Many experts believe the majority of significant acquisitions have already occurred within the distribution industry. Although we’re still experiencing the aftershocks from this huge change in the market, distributors within all sectors of the industry are going to face more disruption in 2017 that could be just as challenging. Radical changes in customer buying behaviors and expectations are transforming the competitive landscape. Micro competitors or “popup sites” are increasing the need for more agile, responsive pricing and promotion strategies. And mega marketplaces resulting from the recent merger frenzy have created highly competitive digital experiences.
Faced with new competitive pressures and changing expectations, mid-sized distributors must find new ways to build mindshare, create customer loyalty and drive profits to the bottom line. Although most experts would point to ecommerce technology as the answer, the real solution for distributors is a change in perspective. Distributors must consider ecommerce as an important tool, of course, but in order to stay competitive they must unify the entire commerce cycle within their organization to create an integrated, seamless experience for every unique customer buying scenario.
In this article I’ll take a look at the three top disruptors affecting distributors in 2017 — customer influences, popup sites and mega marketplaces. Each of these disruptors may affect the buying cycle in a different way, depending on the type of buyer involved in the transaction, from a researcher tasked with obtaining pricing and product information, to the procurement manager finalizing the deal. For each of these disruptors, we’ll discover ways that a unified commerce perspective can help overcome obstacles and create a competitive edge for mid-sized distributors.
First, let me explain what I mean by “unified” commerce. In the past, most distributors employed field reps, service technicians and others to provide relevant information, manage sales transactions and assist with service programs. Ecommerce solutions added the capability to extract catalogs, contracts and other relevant information as well as create orders and view histories. These two separate scenarios — self-directed, online experiences and supported sales activities — occur within the buying scenarios of most customers. Yet communication between the two is often ad hoc, poorly managed, or even non-existent. Multiple requests for the same information create havoc; lack of mobile accessibility creates major inefficiencies; and poor integration results in incorrect data from which management might make the wrong decision.
A unified commerce system doesn’t just add an “Amazon-like” ecommerce solution to the existing enterprise systems. A unified approach integrates the online and the offline customer experiences, providing the capability to customize those experiences based on the buyer’s role and responsibility, the complexity of the transaction and the integration needs of the enterprise. A unified approach increases efficiency by making the most relevant information available at the right time, and via the right device. A unified commerce solution acknowledges and handles the fact that B2B buying scenarios are complex, and can range from entirely self-service to entirely sales supported, and everything in between. In addition, it recognizes that those buying scenarios may change based on the maturity of the many-pronged distributor-customer relationship, the transaction history, and even geography.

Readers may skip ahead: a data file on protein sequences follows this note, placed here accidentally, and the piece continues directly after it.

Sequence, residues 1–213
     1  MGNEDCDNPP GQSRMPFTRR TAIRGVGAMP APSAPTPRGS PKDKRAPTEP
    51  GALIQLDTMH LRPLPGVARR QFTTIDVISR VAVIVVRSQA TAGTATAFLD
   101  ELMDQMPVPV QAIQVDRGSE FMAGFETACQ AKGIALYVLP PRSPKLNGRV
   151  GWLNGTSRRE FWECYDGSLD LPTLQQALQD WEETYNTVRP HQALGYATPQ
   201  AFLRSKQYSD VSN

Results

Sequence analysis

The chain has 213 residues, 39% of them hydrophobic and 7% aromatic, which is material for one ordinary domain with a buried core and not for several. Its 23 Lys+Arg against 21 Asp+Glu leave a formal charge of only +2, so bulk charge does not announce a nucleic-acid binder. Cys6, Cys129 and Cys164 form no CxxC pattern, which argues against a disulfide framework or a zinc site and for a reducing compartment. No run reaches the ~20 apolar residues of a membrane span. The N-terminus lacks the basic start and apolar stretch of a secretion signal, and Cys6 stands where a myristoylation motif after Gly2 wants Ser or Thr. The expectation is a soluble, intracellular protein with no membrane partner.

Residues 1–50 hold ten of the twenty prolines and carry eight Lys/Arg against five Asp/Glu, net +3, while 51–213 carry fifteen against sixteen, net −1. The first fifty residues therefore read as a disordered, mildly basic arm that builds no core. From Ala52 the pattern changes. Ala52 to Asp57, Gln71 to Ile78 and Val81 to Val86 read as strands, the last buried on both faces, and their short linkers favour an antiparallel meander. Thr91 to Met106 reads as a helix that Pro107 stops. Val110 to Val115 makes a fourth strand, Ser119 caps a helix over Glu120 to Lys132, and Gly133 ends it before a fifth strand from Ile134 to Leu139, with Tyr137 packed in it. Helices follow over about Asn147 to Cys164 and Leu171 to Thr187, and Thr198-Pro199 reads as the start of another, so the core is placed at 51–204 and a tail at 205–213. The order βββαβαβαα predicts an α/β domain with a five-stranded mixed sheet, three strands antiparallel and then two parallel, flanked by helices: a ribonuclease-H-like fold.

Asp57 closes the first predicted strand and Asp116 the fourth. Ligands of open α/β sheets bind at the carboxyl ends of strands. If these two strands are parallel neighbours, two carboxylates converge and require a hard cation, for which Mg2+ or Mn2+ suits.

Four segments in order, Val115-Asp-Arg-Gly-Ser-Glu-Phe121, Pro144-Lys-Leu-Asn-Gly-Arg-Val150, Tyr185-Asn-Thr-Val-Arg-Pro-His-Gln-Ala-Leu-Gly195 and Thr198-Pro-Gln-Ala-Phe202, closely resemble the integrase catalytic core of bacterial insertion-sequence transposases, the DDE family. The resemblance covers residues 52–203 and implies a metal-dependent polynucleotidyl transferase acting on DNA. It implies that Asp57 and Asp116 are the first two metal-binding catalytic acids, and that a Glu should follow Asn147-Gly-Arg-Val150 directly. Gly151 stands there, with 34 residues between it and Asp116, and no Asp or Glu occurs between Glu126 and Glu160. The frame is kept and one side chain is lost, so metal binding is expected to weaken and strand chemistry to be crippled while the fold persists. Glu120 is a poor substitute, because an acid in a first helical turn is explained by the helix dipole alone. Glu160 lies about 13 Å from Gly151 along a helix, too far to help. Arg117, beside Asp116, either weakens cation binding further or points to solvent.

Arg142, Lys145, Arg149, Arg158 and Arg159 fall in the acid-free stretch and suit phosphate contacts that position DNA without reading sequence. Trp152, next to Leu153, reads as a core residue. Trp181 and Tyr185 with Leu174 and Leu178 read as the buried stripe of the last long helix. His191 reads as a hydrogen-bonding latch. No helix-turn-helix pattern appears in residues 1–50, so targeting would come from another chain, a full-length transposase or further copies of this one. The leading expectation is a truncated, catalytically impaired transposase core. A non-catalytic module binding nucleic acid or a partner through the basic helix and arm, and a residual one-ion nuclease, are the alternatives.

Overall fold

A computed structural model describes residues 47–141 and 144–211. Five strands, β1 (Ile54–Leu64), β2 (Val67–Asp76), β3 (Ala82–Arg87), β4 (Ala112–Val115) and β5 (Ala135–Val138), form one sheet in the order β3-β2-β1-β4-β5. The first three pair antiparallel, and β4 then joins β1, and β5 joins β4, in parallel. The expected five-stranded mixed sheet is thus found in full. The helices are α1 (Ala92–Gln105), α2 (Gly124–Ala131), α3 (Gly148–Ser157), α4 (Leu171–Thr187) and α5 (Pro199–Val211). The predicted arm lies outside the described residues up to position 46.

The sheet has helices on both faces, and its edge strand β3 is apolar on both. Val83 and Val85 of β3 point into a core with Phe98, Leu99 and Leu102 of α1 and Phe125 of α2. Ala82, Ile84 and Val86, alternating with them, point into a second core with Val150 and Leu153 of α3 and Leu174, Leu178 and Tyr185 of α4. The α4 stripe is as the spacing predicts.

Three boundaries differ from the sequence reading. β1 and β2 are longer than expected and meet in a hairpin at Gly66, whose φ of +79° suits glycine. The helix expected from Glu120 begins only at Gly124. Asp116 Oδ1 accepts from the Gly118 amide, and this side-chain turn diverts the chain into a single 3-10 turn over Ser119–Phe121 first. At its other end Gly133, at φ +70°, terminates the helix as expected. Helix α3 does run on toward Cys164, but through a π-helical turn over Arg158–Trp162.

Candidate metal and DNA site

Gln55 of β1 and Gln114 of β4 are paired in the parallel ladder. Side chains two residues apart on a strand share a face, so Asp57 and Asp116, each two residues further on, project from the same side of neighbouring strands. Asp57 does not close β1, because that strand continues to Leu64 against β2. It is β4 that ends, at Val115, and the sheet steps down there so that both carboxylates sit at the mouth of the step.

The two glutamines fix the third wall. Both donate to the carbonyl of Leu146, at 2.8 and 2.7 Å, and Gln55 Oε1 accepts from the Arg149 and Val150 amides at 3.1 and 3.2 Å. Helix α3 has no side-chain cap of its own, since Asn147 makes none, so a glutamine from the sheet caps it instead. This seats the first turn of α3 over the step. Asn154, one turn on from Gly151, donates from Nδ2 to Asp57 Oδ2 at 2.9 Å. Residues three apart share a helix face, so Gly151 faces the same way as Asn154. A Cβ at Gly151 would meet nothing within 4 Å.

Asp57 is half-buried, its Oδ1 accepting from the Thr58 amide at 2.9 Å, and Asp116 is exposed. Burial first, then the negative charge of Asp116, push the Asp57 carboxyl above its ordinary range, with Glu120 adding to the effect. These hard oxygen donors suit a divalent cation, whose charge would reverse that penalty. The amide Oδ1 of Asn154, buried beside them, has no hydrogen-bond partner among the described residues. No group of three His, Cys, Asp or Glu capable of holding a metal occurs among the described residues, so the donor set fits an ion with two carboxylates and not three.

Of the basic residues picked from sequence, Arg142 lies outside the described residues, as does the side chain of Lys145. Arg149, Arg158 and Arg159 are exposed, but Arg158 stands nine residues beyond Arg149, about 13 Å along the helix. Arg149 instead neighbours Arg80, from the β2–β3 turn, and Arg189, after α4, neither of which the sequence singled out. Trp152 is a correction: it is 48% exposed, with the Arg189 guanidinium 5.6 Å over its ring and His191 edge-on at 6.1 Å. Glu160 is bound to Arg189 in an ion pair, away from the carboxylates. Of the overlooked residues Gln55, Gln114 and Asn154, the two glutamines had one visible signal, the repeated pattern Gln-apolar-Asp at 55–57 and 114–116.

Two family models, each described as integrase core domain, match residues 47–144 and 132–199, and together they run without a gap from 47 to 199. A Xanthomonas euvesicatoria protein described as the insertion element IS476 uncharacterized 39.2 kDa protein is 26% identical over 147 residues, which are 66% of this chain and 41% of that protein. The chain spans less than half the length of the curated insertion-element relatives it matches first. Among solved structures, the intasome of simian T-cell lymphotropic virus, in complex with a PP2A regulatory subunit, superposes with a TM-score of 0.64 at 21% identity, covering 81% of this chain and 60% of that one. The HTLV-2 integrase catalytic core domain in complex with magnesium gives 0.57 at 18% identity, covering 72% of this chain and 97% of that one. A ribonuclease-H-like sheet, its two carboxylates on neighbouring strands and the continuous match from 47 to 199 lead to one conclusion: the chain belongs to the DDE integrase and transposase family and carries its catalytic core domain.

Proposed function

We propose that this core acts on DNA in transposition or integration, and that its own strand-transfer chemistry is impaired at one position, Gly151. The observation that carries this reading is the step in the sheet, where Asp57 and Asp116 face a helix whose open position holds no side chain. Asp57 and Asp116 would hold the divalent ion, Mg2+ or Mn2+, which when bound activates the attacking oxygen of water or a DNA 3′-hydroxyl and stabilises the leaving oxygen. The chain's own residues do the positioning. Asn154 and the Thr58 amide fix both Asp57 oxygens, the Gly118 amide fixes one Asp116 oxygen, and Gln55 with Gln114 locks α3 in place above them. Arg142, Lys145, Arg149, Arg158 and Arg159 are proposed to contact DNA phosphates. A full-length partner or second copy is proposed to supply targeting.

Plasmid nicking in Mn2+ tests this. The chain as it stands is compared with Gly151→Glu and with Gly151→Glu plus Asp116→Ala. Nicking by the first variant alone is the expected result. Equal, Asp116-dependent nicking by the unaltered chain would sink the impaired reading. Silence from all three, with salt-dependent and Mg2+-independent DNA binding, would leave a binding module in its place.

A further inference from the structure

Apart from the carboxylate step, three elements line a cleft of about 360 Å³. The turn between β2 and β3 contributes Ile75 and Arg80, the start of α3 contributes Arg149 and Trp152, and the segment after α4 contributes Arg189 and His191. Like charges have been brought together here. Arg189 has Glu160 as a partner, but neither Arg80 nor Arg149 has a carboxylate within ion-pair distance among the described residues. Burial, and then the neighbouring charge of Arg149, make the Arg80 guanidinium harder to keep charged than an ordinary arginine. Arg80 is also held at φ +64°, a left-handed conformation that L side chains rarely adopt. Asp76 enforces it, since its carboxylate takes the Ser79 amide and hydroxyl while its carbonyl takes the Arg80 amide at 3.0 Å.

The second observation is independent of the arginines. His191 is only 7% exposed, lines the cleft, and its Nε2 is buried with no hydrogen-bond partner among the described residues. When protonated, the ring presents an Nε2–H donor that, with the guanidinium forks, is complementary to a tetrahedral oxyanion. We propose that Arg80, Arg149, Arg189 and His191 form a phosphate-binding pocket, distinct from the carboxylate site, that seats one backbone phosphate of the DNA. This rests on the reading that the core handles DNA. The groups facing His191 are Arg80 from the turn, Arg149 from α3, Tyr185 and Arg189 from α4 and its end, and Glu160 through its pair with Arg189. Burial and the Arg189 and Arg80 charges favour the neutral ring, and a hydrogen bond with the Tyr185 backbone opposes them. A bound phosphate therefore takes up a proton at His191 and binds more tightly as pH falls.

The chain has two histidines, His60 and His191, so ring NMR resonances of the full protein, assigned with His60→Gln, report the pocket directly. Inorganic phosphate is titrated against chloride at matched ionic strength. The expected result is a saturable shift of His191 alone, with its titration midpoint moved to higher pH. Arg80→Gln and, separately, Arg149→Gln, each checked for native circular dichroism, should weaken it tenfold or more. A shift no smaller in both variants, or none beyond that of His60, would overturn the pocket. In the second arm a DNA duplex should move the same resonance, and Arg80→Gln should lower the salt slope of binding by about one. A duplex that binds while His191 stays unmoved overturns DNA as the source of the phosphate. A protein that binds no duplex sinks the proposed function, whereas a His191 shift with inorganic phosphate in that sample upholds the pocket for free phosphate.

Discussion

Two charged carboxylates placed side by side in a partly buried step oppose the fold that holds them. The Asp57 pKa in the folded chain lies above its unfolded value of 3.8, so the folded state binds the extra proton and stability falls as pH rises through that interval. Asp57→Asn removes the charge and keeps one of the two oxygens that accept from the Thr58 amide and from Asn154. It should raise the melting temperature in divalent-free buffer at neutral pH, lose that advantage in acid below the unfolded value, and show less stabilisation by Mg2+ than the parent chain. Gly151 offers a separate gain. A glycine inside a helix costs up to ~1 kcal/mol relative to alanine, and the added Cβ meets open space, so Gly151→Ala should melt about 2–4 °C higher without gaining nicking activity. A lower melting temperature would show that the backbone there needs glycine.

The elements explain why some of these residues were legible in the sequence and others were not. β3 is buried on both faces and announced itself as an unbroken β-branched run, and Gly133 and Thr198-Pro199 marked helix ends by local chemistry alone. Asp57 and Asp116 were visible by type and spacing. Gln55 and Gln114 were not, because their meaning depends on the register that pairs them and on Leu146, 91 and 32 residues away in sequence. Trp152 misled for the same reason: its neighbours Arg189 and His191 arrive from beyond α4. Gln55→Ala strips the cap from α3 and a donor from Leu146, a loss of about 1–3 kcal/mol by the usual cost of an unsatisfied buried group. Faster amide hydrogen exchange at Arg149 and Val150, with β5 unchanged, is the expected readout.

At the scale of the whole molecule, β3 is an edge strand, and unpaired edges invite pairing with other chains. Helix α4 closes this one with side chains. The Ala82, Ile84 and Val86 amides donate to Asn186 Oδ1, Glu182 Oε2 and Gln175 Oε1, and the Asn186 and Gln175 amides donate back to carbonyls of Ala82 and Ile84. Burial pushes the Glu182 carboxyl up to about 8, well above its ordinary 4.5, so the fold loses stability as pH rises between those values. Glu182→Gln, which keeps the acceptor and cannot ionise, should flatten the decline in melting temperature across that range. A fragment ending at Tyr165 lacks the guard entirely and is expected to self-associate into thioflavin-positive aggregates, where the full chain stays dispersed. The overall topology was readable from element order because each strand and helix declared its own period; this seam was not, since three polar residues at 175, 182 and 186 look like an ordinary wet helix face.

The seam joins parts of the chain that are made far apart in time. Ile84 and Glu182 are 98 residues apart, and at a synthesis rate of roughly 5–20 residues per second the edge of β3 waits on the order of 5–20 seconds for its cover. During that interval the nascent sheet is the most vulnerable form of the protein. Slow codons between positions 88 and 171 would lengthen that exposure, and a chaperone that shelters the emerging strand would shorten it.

From that perspective, let’s take a look our first disruptor. Most people have heard the often-quoted statistic that by the year 2020, nearly 80 percent of the customer buying cycle will be self-directed. In many instances, that reality is already here. For B2B, the challenges are even harder.
Disruptor #1: Customer Influence
Regardless of whether they are in procurement, research, or operations, the customer’s desire to interact with actual sales reps has diminished as they move more and more toward a self-directed experience. All B2B buyers in this space want a seamless, frictionless environment that is rich in easily-found product information, customized to only display relevant product catalogs, and containing not just correct, but real time price and promotion information. The more strategic the account, the more customized the experience needs to be from a digital and an offline perspective.
Certain transactions like reorders need to be fast and simple as well. But here’s the catch, and this is where the true divergence between B2B and B2C or “Amazon-like” experiences lies. B2B buyers still need to be able to access sales and service support at any time. This means that the offline and online experiences, above and beyond the all of the requirements of a rich, self-directed distributor buying cycle, need to be fully unified and integrated.